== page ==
Is it only going downhill from here? – managing a quarter-life crisis

Each phase of a person’s life entails its own hardships and challenges, but perhaps the most difficult and transformative period is what we go through from age 18 to 30. It is during this era that people are expected to build the foundations of their adult life. Safe to say that the choices we make during these years determine how we will live the rest of our lives, so no wonder why many young people crack under the pressure and sink into a quarter-life crisis.

“You know, the thing is, it only goes downhill from here”, said one of my good friends from high school. Barely 19 at the time, we all laughed at his half-joke, funny in a pessimistic way, but thought nothing more of it. Now, as our first year of university comes to an end, and we got our first taste of the ever-rising pressure of adulthood, these might just be the actual thoughts of some of us that took this as a joke only a year ago.

What is a quarter-life crisis?

A quarter-life crisis, the often overlooked little brother of midlife crisis, is essentially a feeling of intense stress, uncertainty and insecurity. Triggered by the struggle young people go through while figuring out who they are and what they want in life. It occurs in the so-called “quarter-life” period, ages 18-30, where a person faces important questions relating to independence, relationships, passions and self-discovery on their own for the first time.

With the added pressure of the societal norm that this age is supposed to be the best time of their lives, people in their twenties often dismiss their feelings, thinking they have “no reason to feel this way”. However, according to a Yale Medicine article, as many as 70 percent of young adults experience some form of it. That is about as common as it gets. While this fact should be alarming (that number means society puts way too much stress on twenty-somethings), it also may offer some comfort for those struggling: they are not the only ones feeling lost.

What causes a quarter-life crisis?

Although this crisis is unique to each individual, it is triggered by similar factors and goes through similar stages. There’s a variety of experiences and situations that can eventually lead to a quarter-life crisis, but the most common is the disillusionment most young adults feel as their university majors, jobs or relationships don’t turn out as envisioned. 

However, a big catalyser of this is social media. Now more than ever, it is not only easy but inevitable to compare ourselves to people our age. Through the selective lens of our explore page, it can seem like everyone has their life together. Well, everyone, except us. Comparing ourselves, especially in this sensitive stage of life can lead to a feeling of being left behind. We must not forget that what people post is only the “highlight reel” of their lives. Behind their screens, they might just be feeling the same way as we do.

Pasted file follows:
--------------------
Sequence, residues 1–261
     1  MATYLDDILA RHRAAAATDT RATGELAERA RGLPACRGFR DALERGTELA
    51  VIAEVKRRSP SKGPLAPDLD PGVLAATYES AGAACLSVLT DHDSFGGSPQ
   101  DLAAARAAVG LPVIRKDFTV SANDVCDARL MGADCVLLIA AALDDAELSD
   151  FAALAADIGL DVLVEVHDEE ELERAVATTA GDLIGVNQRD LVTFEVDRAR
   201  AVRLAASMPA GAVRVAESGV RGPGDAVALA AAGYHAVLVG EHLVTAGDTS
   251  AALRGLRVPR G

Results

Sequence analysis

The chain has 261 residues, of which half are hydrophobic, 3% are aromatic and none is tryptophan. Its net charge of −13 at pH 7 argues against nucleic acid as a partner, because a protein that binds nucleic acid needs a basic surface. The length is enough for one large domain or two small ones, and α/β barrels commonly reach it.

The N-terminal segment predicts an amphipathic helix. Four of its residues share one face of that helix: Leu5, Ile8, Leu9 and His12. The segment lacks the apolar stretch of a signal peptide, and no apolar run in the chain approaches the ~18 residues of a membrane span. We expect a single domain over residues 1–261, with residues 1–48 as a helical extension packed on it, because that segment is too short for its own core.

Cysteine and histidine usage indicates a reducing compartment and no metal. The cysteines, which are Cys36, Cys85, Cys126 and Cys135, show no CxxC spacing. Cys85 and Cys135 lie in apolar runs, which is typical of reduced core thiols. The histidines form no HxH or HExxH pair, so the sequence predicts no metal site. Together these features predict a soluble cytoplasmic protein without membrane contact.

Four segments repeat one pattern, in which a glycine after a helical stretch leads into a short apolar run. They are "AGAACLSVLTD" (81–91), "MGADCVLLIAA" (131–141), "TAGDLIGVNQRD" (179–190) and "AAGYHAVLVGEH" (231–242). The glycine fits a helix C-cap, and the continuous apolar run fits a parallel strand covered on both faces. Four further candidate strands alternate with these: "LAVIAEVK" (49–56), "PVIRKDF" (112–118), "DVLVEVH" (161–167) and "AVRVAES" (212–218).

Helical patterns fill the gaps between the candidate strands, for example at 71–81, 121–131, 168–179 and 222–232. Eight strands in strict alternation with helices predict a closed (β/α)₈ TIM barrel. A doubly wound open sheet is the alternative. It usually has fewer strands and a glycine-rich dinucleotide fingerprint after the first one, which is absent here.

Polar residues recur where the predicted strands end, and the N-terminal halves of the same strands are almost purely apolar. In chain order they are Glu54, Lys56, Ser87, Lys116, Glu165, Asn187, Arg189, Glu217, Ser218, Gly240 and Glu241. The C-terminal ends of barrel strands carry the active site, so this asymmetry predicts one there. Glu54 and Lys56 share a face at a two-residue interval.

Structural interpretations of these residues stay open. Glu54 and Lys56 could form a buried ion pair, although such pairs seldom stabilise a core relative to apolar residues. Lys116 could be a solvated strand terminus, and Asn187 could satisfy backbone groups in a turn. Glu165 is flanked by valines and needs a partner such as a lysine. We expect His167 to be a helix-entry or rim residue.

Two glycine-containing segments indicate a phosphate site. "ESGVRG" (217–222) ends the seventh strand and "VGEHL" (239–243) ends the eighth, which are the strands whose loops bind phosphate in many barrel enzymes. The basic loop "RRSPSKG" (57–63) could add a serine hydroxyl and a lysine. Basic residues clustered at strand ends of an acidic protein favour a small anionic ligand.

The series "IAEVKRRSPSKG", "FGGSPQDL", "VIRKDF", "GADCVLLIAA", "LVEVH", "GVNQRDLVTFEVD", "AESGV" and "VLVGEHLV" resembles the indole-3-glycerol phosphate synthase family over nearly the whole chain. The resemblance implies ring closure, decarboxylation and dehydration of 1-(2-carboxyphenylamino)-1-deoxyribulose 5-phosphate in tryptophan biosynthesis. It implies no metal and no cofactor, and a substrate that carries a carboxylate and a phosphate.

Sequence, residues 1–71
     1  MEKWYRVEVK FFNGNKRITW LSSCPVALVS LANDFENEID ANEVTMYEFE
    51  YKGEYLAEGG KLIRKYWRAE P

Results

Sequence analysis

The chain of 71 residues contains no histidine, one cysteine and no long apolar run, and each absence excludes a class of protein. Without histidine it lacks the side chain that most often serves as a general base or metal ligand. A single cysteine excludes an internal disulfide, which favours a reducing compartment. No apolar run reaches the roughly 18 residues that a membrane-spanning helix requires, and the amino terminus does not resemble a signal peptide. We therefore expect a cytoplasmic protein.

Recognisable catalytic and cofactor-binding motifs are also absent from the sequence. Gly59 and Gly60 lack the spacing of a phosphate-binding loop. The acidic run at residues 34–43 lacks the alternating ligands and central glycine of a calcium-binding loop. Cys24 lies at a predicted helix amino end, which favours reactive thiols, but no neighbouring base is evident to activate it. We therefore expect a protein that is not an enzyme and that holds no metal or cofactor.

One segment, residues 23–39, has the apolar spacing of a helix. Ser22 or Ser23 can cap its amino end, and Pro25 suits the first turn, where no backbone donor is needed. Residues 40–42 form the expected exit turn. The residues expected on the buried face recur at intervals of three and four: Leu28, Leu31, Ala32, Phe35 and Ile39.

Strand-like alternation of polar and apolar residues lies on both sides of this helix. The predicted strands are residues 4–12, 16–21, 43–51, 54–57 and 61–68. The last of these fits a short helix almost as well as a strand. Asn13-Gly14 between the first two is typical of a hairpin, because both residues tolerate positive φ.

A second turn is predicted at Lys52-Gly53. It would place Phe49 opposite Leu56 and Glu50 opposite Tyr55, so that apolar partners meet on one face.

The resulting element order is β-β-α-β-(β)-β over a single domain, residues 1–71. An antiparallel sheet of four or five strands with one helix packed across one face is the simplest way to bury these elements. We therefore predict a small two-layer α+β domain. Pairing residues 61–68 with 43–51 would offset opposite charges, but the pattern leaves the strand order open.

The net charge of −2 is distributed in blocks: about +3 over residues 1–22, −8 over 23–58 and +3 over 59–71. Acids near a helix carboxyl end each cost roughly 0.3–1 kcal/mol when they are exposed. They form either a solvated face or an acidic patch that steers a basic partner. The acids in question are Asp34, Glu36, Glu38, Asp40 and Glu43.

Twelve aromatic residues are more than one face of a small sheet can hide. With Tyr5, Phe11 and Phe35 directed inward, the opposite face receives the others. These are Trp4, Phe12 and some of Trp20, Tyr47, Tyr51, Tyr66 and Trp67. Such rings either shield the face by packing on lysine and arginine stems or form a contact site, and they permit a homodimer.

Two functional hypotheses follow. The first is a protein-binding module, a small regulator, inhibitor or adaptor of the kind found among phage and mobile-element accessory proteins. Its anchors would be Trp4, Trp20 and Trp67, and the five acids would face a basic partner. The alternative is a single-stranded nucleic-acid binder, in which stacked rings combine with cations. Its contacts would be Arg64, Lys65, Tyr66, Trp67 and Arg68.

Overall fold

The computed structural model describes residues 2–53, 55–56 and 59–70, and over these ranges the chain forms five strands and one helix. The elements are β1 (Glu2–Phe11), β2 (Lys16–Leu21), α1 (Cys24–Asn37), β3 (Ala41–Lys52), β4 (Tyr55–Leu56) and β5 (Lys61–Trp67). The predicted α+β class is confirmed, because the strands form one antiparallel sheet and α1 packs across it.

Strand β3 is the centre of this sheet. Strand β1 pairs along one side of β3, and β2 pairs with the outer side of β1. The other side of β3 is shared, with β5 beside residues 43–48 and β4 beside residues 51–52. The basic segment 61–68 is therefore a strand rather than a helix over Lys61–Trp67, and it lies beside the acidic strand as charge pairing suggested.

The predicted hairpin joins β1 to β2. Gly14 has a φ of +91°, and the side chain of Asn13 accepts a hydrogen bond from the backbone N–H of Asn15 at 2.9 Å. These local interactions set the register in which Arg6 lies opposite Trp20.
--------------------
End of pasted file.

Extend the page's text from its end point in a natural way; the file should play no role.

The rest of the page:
What happens during a quarter-life crisis?

According to an article published in Harvard Business Review, a quarter-life crisis can be divided into 4 stages. It starts with a feeling of being trapped and not seeing a way out. That may mean studying at a university you don’t like, working a job that isn’t fulfilling or even stuck in the loop of your own habits. This is often paired with the feeling of only pretending to be an adult, and the nostalgic romanticization of your teenage years (everything seems better in hindsight, right?).

Then comes the grappling, the second phase of the crisis, which can be described as the “meat” of it. This is where people find the courage to break away from what made them feel trapped. Quit the job, the university, the relationship. Sounds like free-falling? Well, it certainly might feel like it. While this may leave them isolated, directionless and scared, these feelings are essential to urge them to move forward. It is also during this phase that people contemplate life as a whole. Figuring out what you really want, recalibrating plans, and what changes need to be made in order to feel a sense of purpose in your life. 

Often overlapping with the latter part of the second, the third stage is where people start actually making changes. Discovering or rediscovering passions, hobbies, workfields, or social groups, they slowly start emerging out of the crisis. 

The last stage is the resolution itself, coming out on the other side. This process can span multiple years, or even repeat itself. It’s painful and scary, and it requires hard work and grit to push through. But there is, indeed, a light at the end of the tunnel.